Reducing your expenditures on items that you might be able to do without for a period of time will help you build your emergency fund. The great thing about cable or Direct TV is you can always reactivate your services and, often times, at a reduced rate. The same can be said about a smart phone. For you to establish and build your emergency fund, you need to think “reactivation is always an option.” Your emergency fund should be constructed in three different layers. First, get a small buffer between you and life by setting aside $1,500 in a money market account. Before moving onto the second layer, you need to focus on eliminating any and all consumer debt (if you haven’t already done so). A mortgage is alright at this point, but no credit card debt, no student loans, no auto loans, and no other forms of debt. Once you have accomplished that, build your emergency fund to the value of three to six months of gross wages. A person making $50,000 annually should have between $12,500 and $25,000 in an emergency fund. If you were to experience a lay-off, your emergency fund would carry you for more than six months as you search for new employment.
The final layer of your emergency fund is more optional, but really creates some freedom in your life. Your emergency fund should be housed in a money market account. If possible, find a tax-free money market fund through a company such as T Rowe Price. The third layer to your emergency fund is a small fund of three months of expenses held in a tax-free bond fund. Again this can be provided by a company such as T Rowe Price. Having an auxiliary emergency fund with an investment element enhances the space you have created between you and life. As I said, this is an optional layer but, one that I think you will find appealing.
The next type of savings I would encourage is the basic investment type savings. This is savings that is designed to grow and is not money you plan on using for at least the next five years. This type of savings might include money that you are saving to purchase a car in five years or money you might use to add a deck to your house. The best way to ensure a consistent behavior of savings is to auto-draft the money directly from your paychecks to be deposited into this investment account. Then, once the money is deposited, establish an auto-investment plan to purchase solid mutual funds on a monthly investment plan. This creates a flow to your money from income earned to money saved to resources invested without manual interference. If you are without debt and you have your tri-layered emergency fund, then you should be able to commit a good percentage of your earned income to this account. In conjunction with this savings plan, you also need to think about retirement or long-term savings.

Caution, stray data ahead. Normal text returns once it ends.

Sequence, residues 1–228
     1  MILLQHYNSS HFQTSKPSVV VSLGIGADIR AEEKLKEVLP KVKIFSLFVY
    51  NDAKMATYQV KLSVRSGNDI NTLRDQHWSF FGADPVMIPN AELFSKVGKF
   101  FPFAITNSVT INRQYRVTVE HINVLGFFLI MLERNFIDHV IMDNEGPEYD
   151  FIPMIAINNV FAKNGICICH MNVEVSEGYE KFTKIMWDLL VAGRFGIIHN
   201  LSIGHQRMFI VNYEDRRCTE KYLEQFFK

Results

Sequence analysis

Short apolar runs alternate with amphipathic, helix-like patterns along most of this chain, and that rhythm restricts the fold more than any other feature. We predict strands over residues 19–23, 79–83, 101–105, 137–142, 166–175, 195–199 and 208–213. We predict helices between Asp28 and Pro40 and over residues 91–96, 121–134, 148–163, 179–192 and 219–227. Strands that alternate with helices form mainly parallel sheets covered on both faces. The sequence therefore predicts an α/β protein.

I advise taking full advantage of the technology available to encourage savings and investments. To create the discipline of savings, a person should establish an auto-draft from his or her paycheck, directly into a Roth IRA, with an automatic investment plan, purchasing solid growth stock mutual funds. Your retirement savings and your mid-range savings plan should work together to secure your future. The goal in retirement savings is to make the funds unavailable for spending. That means that you cannot take possession of the earned income before making the deposit into a retirement account. It takes a great deal of discipline to have the money in your hand and then move it to your retirement account without being tempted to spend it. Once you go on auto-pilot, your retirement savings will grow and you will find you don’t even miss the money.
Finally, I advise to start small and establish a strategic goal to increase that amount in coordination with specific employment events such as promotions, bonuses, and merit increases. In today’s economic environment, it is critical for individuals to take personal responsibility for their own futures. With the continued increase of dependency on federal programs, the strain of such resources will have to be spread out thinner for maximum coverage. This means fewer resources to a growing number of people. Thus, having your own resources will become more important. I believe that in general, people fail to save because there is an intellectual disconnect between wants and needs. Society tends to want what it wants regardless of the costs associated with the item. And a number of people are willing to use debt as a means of acquiring the item. When a person can learn to want only what he or she needs, that person, not only lives without regret, but he or she is able to save.
If you are interested in building a strategic plan for your money, then contact me and let’s get started on your personal success coaching plan now. You can reach me by email (email@example.com) or by visiting my website (http://kenrupert.com) and using the contact form. I am looking forward to working with you as you embark on the journey of a lifetime.